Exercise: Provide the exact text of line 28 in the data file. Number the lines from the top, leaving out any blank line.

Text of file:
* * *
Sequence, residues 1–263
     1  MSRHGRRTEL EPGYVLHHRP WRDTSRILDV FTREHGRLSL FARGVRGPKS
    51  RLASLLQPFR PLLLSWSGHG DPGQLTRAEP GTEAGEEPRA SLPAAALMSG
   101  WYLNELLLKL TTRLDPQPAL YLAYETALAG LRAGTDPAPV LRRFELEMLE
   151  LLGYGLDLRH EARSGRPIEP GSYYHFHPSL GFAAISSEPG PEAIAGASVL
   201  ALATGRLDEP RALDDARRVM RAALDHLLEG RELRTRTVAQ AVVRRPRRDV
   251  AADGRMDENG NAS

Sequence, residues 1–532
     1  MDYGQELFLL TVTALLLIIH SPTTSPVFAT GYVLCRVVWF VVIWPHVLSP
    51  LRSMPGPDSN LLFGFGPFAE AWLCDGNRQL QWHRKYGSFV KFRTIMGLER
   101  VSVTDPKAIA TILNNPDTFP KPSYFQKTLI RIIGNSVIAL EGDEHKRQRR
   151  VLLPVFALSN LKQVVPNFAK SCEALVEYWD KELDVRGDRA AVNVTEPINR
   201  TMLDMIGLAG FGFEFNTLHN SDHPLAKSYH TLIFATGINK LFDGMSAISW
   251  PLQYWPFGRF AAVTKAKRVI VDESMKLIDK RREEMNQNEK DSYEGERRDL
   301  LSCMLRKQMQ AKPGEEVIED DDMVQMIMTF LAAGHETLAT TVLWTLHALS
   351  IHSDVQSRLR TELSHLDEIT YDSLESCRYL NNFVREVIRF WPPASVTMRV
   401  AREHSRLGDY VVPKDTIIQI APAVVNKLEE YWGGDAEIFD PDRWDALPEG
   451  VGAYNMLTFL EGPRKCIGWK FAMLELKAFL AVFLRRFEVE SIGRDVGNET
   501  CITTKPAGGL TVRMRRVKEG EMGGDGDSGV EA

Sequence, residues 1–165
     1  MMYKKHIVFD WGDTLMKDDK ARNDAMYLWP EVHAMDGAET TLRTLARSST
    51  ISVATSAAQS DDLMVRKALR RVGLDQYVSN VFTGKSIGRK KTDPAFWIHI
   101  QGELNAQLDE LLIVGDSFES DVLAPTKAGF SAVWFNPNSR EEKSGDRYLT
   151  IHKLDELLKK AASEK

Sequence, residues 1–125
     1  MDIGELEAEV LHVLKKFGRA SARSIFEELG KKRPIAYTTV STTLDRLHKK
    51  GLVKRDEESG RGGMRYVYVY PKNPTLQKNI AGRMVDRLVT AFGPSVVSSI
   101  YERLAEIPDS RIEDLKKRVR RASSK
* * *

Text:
   101  YERLAEIPDS RIEDLKKRVR RASSK